The shops stopped after that. The rest of that side of the road was taken up by big houses with front gardens which came down to the pavement and road. All of them had large sycamore trees that gave the road its name. From Oakfield Corner going up the Chesham road there was a tea shop of the sort never seen now. Waitresses would give you a set tea of assorted sandwiches, individual cakes and probably some slices of fruit cake, all on a stand. Unless you had a real preference and asked for something individual like toasted teacakes (hot with melting butter). It was also possible to drop in during the morning, but to say “let’s go to …… for tea” was really a treat. Nice china, home-make cakes and all beautifully presented was enticing.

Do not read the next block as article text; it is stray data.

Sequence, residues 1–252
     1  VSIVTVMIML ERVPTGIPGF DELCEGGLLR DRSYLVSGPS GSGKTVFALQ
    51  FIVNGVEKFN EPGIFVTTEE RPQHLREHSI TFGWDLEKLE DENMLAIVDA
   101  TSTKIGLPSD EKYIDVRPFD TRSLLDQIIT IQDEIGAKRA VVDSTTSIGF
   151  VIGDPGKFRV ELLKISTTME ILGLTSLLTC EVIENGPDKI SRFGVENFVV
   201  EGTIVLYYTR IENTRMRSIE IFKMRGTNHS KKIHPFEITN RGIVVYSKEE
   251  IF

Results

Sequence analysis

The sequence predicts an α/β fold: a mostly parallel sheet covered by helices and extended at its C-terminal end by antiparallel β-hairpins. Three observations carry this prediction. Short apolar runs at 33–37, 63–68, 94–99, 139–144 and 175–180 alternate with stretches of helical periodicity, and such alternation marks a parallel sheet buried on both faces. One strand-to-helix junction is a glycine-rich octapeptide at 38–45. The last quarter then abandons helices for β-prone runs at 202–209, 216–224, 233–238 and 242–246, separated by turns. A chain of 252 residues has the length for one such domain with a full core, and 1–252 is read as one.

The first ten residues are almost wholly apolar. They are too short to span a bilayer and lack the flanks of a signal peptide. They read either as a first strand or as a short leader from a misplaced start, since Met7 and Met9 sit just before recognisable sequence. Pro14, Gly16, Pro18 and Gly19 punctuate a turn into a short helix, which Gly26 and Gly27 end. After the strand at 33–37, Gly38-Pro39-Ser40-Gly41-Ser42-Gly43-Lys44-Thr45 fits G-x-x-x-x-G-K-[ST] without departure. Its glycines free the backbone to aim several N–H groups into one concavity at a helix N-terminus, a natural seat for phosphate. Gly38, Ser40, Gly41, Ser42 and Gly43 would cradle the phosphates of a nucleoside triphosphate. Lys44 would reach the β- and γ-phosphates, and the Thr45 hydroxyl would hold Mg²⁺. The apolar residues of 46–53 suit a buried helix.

Then came Mr Berkley, the butcher. He was a kind, big man who did not enjoy very good health. If nothing much was happening at home in Bois Avenue, Brownie, our spaniel, would take himself down to Berkley’s. It did not matter if there was a queue or not. He would stand in the door and chortle or snort looking straight at Mr B. “Hello Brownie, have you come for a bone? Mr B would find a good sized bone and lean over the counter to Brownie who took it graciously with another snort as he went out of the shop, much to the amusement of all there. He probably had to put it down several times on the way back if it was a big one or sit in the road and have a good scratch – cars were so few then. Berkley’s book was also a blue hard cover, with his name in gold with an ox head underneath. When Father looked at the back at the end of the month there would be “Bones to Brownie £x xs xd”. Father never queried and always paid up. He said Brownie was worth his bit of luxury.